We Tried It: AirBarre at Swet Studio

Elevate your barre practice—literally.
AirBarre

AirBarre at Swet Studio. Photos by Jamie Ducharme

What it is: Aerial barre
Where to go: Swet Studio, in the South End
What it costs: $28 drop-in. New customers also get a 10-day unlimited pass for $30.
Know before you go: You’ll need to take a prerequisite AntiGravity Fundamentals class first. Wear long pants, a long-sleeve shirt, and grip socks, or go barefoot.

The gist:

Picture a barre class. Now take away the barre, weights, and props, and add in aerial silks. Got a mental image? Neither did I.

Nonetheless, I signed myself up for AirBarre at Swet Studio, ready to find out. After completing the AntiGravity Fundamentals class—which teaches the basics of aerials, including plenty of decompression inversions—I was ready(ish) for the main event.

There were plenty of on-the-ground pliés, relevés, squats, and pulses that will look familiar to barre veterans, except that they use the silks for balance instead of a ballet barre. But you’ll also do inner thigh exercises while hanging upside down, deep stretches using the silks, and aerial balance poses, such as the all-too-aptly-named Nutcracker. The result is a hybrid of standard barre, aerial yoga, and Yin yoga.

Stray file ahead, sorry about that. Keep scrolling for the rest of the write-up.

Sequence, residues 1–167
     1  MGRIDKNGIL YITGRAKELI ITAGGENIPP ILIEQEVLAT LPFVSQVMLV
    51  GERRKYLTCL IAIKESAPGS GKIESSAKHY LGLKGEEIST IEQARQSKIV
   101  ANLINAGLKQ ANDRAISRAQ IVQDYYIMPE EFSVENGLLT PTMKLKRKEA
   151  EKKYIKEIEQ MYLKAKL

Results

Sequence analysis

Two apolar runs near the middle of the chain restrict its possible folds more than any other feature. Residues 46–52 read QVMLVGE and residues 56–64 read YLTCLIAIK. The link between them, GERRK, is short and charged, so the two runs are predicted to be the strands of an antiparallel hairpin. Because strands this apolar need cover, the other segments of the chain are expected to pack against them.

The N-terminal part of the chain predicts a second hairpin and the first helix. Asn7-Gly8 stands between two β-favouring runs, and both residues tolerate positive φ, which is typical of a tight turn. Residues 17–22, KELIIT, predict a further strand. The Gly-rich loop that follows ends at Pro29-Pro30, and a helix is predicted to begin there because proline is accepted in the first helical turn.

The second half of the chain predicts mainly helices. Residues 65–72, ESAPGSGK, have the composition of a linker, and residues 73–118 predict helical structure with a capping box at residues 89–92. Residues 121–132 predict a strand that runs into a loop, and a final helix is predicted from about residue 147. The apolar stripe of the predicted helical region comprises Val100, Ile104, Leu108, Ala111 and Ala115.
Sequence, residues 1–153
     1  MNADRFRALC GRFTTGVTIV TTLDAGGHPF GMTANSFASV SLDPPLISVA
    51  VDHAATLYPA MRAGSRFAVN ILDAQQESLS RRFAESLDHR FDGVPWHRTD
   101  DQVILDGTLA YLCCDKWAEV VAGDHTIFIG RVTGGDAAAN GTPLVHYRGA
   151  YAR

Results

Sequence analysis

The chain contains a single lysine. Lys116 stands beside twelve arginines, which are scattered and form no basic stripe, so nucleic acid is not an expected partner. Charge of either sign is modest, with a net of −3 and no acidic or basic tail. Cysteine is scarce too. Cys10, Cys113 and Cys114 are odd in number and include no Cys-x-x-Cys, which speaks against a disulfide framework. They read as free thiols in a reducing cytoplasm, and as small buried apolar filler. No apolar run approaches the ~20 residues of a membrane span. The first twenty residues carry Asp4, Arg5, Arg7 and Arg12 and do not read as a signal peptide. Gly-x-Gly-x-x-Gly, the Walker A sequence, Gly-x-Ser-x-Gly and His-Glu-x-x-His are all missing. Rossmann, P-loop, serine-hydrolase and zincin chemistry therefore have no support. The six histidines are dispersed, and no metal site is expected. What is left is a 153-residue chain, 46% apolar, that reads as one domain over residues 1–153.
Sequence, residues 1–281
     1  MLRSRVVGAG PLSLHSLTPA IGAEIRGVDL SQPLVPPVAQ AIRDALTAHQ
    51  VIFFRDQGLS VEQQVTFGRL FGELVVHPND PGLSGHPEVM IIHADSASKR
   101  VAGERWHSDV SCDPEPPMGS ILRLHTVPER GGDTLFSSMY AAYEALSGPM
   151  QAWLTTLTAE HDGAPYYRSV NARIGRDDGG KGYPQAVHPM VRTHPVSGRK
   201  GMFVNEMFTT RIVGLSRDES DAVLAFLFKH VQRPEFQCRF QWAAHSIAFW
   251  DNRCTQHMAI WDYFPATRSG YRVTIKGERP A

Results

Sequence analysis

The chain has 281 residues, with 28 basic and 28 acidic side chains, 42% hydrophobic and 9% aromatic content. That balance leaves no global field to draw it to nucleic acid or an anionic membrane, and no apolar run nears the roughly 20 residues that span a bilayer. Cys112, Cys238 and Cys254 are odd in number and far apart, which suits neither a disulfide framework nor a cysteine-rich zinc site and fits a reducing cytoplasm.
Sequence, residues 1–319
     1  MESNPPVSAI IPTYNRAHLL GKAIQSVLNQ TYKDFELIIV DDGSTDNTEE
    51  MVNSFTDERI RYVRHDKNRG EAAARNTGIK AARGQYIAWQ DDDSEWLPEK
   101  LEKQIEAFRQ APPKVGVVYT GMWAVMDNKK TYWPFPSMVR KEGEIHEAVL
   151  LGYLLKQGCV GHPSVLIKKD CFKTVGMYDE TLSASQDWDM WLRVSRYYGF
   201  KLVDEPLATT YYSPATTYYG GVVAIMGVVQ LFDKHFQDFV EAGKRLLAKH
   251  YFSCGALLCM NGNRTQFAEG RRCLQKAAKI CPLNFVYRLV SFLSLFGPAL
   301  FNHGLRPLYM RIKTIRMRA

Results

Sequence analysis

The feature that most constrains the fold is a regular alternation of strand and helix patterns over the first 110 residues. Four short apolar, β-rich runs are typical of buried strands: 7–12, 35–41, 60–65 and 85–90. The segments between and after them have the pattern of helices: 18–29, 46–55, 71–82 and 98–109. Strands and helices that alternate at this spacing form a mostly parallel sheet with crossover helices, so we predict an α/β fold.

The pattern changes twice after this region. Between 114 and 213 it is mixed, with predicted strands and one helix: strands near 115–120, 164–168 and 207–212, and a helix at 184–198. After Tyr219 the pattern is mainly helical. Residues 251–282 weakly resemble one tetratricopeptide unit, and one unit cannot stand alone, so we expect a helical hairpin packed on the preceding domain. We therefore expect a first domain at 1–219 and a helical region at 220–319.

Is the workout as good as a regular barre class? In the traditional sense, no. While certain sections are very physically taxing—pulsing in a relevé squat for what seems like an eternity comes to mind—some of the moves require a decent amount of demonstration, so there’s a bit more standing around time than usual. More emphasis is also placed on stretching and decompressing, rather than total muscle exhaustion.

That said, aerial barre will work your muscles in totally new ways, and comes with its own unique set of benefits. Proponents of aerials say they help relieve pressure on the spine and discs; stimulate circulation and send blood to the brain; and refresh the endocrine and digestive systems. They also make you feel like an acrobat, albeit an uncommonly clumsy one, so there’s that.

AirBarre may seem intimidating, but I lived to tell the tale despite having completed exactly one aerials class, approximately two years ago, before signing up for AntiGravity Fundamentals. The instructors also do a great job of accommodating the wide, wide range of skill levels in the class, and fellow students are very supportive.

In short: If you’re scared, don’t be. The silks await.

Swet Studio, 480 Tremont St., Boston, 617-670-0631, swetstudio.com.

Inversion

Instructor Jennifer demonstrates an inversion.